Thursday, August 26, 2021

Marcellus Turn At Packard

Photo courtesy of Carl Eckhardt.

Carl says:

"Here is a picture from my father of a Milwaukee RR steam engine on its way from Packard to Marcellus."



Monday, August 23, 2021

July 2021 CBRW Visit

Photos courtesy of John Bargert.

July 2, 2021


The Connell Turn climbing the hill after leaving Connell.



The Connell Turn at Shano, WA.



WRIX 439 looking dead at Warden, WA.



CBRW 610 switching at Warden, WA.



CBRW 302 switching at Warden, WA.



CBRW 608 Warden, WA.



Connell Turn Warden, WA.



CBRW 166 Warden, WA.



CBRW 1626 Warden, WA.



Sunday, August 22, 2021

Stratford Orchards House View

Courtesy of Wes Crago.

No date.

The house still stands today, seemingly vacant.



Saturday, August 21, 2021

Packard Memories

Guest post by Thomas Pulliam.

Many of you drive past the Paha-Packard exits on either 395 or I90. The two towns, Paha and Packard both exist on the same road, one with Packard north of I90 about 8 miles and Paha right on 395.

Packard was settled by Germans from the area around Hamburg, places like Hornberg etc. They knew each other from Germany and as my grandfather related to me did not always get along with the majority Russian German settlers, especially during WWI.  My Great-Great Grandfather came with my Great Grandfather and his two sisters, one who married a Christian Burghard and lived 1/2 mile south of Packard and the other a Mr. Lauer from the Lauer Station just west of Packard.  They set up in Ritzville in 1885 and moved to our farm a short time later. They registered their brand CM in 1887 with the county.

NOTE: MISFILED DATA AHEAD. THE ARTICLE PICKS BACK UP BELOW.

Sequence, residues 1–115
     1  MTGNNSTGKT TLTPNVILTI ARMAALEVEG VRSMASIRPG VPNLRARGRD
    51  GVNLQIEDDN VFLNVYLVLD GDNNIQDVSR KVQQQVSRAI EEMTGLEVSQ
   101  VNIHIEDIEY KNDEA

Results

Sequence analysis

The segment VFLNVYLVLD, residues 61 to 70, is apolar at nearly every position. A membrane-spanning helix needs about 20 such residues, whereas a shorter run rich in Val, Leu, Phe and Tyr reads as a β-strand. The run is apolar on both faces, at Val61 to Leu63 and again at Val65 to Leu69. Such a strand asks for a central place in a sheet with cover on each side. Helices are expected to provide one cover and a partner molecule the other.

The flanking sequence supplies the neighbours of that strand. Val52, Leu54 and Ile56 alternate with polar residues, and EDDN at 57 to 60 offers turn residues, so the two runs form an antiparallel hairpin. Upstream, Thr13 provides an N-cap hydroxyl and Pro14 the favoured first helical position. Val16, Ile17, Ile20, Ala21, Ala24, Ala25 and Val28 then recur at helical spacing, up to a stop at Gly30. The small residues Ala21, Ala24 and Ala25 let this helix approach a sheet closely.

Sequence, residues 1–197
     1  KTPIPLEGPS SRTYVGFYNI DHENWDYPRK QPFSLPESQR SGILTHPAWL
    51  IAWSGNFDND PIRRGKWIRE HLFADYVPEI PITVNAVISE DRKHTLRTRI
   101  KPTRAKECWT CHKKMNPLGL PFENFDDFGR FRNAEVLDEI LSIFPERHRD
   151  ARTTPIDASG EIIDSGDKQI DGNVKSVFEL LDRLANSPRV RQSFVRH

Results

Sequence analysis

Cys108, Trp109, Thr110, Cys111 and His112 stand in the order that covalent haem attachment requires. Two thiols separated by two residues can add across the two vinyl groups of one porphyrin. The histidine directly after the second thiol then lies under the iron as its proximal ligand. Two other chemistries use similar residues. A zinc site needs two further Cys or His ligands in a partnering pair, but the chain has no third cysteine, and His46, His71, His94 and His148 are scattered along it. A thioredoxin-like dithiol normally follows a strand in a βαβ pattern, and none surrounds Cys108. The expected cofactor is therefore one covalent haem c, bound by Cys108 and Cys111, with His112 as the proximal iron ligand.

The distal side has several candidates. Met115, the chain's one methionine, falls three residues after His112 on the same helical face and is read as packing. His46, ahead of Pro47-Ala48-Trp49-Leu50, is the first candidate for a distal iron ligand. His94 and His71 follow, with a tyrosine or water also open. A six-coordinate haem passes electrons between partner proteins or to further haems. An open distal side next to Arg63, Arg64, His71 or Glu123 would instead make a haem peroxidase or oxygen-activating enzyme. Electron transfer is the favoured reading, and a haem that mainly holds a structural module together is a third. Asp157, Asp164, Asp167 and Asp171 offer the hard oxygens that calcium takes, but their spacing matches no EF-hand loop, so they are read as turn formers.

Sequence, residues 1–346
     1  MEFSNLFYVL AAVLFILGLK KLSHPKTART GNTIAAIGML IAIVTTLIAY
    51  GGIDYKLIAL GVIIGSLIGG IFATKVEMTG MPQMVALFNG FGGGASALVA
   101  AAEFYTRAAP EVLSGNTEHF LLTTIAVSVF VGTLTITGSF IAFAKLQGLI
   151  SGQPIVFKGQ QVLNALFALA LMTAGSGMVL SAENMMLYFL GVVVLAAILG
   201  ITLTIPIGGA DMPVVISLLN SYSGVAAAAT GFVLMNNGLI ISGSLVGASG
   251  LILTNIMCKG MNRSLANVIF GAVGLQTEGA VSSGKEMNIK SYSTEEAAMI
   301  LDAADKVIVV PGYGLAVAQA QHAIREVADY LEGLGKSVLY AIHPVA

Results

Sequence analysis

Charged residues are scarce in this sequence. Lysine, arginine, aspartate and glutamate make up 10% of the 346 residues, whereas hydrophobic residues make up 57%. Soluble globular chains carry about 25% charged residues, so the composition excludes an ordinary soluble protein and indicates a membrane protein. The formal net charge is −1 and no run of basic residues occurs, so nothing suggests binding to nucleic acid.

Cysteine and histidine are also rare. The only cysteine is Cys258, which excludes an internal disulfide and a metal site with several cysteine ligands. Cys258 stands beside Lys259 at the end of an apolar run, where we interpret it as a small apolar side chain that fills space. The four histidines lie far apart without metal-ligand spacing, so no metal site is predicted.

About 1910 a spur line from the Milwaukee Road was planned from Tiflis near road Q on I90 close to Warden and end up at Marcellus. Packard was supposed to be called Miessner but our family refused. We still have no idea why they chose Packard. 

The White River Lumber Company set up an office next to our farm, the school was about a mile walk by road from the town as it had been in operation about 15 years already. A post office was established, it had regular passenger train service, and the town even required an addition "Heimbigners Addition to Packard". Then the roads improved and the motor car came and the post office was closed with the mail handled in Marcellus then several years later it closed with mail to Ritzville.  There was the Packard-Marcellus grange established on the railroad halfway between Packard and Marcellus, but later it was shortened to Marcellus and it ended up in Ritzville, closing in the late 1970s or early 1980s.

The railroad was just down to one train when I was a kid, and it came on Saturday nights, heading right for our house as the entire front room would get bright as the sun and then switch away to the left and roll past our house...as we were there first so they had to go around us as they followed Rocky Coulee.

So now you know of the town I grew up in.